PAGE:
Selective logging in public pine forests of the central Iberian Peninsula: Effects of the recovery process on ant assemblages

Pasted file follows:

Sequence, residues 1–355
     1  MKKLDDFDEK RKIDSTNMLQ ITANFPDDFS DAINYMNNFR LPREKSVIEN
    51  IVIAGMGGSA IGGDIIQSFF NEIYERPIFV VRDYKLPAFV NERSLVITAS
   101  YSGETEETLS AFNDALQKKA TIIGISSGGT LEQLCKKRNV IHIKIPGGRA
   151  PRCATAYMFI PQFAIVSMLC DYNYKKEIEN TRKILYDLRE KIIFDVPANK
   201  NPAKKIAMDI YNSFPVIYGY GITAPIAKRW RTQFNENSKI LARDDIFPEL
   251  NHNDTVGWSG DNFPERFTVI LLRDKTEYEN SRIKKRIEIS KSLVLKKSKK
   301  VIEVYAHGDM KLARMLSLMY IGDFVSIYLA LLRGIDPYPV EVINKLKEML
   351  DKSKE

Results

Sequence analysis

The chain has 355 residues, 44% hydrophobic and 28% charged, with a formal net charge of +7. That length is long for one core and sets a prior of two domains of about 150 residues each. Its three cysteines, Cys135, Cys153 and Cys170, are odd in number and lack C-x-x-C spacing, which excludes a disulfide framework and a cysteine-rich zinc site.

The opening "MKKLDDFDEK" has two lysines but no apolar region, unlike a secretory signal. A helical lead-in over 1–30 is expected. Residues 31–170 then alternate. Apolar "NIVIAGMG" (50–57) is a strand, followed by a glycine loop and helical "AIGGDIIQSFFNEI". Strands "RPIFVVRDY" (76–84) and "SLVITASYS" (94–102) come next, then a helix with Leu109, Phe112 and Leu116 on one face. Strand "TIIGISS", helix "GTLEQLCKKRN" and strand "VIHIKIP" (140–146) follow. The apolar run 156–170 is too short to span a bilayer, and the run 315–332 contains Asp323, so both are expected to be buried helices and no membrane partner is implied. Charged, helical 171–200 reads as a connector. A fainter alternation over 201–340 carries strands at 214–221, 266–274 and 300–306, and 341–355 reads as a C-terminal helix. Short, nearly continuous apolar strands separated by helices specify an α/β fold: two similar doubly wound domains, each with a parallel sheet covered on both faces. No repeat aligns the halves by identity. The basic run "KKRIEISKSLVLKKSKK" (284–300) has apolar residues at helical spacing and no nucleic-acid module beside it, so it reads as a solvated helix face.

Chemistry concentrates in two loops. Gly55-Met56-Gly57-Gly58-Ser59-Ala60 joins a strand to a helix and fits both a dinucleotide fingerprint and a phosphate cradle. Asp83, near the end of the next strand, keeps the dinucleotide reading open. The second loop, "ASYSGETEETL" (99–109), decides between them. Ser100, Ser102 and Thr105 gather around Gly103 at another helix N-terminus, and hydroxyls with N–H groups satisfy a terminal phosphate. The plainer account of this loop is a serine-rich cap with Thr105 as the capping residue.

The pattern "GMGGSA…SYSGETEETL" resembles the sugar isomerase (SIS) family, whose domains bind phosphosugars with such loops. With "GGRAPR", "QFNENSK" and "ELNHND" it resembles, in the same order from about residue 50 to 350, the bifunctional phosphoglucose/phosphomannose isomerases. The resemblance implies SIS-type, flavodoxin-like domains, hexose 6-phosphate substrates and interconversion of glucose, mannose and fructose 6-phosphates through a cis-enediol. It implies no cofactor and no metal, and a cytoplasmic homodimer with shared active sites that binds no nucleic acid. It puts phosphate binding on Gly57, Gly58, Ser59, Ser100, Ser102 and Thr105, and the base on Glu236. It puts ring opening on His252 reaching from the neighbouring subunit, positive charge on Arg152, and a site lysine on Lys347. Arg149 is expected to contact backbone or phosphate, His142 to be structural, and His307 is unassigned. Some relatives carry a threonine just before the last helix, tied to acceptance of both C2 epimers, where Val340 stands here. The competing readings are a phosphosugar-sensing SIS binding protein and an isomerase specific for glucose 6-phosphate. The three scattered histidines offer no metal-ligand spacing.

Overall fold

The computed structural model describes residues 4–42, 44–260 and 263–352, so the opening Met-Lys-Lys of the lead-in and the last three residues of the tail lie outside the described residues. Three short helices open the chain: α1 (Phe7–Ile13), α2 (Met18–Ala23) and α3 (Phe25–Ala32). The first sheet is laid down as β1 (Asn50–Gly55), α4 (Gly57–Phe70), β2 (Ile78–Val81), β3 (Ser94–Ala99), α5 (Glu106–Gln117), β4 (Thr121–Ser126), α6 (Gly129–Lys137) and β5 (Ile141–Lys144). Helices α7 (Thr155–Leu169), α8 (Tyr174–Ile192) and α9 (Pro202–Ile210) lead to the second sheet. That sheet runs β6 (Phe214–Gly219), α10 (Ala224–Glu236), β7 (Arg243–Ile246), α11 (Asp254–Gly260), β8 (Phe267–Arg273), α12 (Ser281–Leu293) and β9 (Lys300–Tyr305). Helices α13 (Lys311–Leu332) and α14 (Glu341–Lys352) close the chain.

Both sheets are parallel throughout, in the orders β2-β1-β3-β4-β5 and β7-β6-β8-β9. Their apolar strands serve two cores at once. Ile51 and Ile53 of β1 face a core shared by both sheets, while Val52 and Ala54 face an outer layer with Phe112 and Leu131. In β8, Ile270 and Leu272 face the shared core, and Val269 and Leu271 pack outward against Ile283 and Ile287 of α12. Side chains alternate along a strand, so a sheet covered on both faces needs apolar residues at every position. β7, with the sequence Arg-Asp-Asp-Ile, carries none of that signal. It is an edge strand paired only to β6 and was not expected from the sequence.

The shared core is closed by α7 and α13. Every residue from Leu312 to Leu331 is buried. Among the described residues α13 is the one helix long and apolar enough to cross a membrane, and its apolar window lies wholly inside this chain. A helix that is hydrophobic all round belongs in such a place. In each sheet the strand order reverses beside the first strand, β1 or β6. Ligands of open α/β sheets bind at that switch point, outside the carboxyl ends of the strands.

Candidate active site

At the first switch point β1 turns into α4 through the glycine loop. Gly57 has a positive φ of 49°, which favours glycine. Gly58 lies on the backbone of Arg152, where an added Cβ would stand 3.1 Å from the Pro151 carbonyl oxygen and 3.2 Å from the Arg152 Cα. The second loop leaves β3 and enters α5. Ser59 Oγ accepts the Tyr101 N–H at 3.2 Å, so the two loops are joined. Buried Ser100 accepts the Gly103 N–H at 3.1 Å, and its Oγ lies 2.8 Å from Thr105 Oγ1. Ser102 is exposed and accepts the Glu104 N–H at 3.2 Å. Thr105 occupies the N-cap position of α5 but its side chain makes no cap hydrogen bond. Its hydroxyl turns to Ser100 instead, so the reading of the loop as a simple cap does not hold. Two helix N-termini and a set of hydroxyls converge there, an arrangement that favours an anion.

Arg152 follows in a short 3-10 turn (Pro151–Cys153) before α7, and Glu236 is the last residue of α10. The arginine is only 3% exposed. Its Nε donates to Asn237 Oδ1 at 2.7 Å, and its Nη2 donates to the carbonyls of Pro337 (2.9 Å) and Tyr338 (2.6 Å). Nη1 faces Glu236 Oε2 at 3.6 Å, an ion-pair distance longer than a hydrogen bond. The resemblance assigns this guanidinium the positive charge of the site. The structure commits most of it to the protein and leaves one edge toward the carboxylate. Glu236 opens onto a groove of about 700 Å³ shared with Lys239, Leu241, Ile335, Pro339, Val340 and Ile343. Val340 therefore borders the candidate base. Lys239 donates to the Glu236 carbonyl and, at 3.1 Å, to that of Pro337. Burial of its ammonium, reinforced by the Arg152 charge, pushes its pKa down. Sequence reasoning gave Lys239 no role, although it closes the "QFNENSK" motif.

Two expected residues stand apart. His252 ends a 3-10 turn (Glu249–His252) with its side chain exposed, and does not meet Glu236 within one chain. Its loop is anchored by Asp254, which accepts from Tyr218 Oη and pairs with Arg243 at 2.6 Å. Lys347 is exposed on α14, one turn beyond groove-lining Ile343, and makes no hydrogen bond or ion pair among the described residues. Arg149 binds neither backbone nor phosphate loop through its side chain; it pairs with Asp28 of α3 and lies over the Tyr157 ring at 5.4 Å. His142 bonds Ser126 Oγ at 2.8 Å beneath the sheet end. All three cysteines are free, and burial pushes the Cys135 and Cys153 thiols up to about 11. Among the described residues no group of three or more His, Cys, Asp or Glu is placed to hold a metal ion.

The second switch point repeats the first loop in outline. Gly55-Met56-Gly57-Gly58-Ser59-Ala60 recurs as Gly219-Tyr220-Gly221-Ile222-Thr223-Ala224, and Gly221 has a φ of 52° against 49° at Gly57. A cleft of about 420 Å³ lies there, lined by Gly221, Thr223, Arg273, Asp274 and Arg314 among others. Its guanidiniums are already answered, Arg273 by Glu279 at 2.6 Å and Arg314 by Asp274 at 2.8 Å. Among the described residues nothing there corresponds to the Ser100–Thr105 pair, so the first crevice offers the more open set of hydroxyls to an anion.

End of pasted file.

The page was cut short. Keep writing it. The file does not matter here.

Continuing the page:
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Pine forests on the northern plateau of the Iberian Peninsula have a long history of use, exploitation, and management. Current management practices consist of selective logging with relatively short periods of time between logging events. The main objective of this study is to detect changes in ant assemblages in the short time periods between selective logging activities. Ants were sampled at 44 sites considering three grouping categories of time periods after the last timber extraction: short (<4. years), medium (4-8. years) and long (>8. years). After selective logging the number of ant species increases as the forest recovers. A look at the differences between the assemblages when the analysis shifts from the species-specific level to functional groups showed differences between the short and long categories. This indicates that in certain circumstances the functional groups may be more informative of the functional restructuring of the ant assemblages in a disturbed habitat. Ant species from three functional groups display significant indicative values (Opportunist, Hot Climate Specialists and Subordinate Camponotini) in the medium- and long-time-after-logging categories: Messor capitatus (HCS) for medium-time category sites; and Aphaenogaster iberica (Op), Camponotus cruentatus (SC) and, Cataglyphis velox (HCS) for long-time category sites. No indicator species were found for the early stages of recovery. This information may also be of interest to managers because it reduces the number of data elements of the recovery status of these forests, and can be translated into monitoring protocols. The continued exploitation of these forests leads to an ant fauna that reflects this change. The results show that ant assemblages need at least 8. years to recover since only after that much time there is an emergence of Subordinate Camponotinae, a behaviorally dominant and low stress-tolerant functional group. This selective logging maintains the relative diversity and structure of ant assemblages ​
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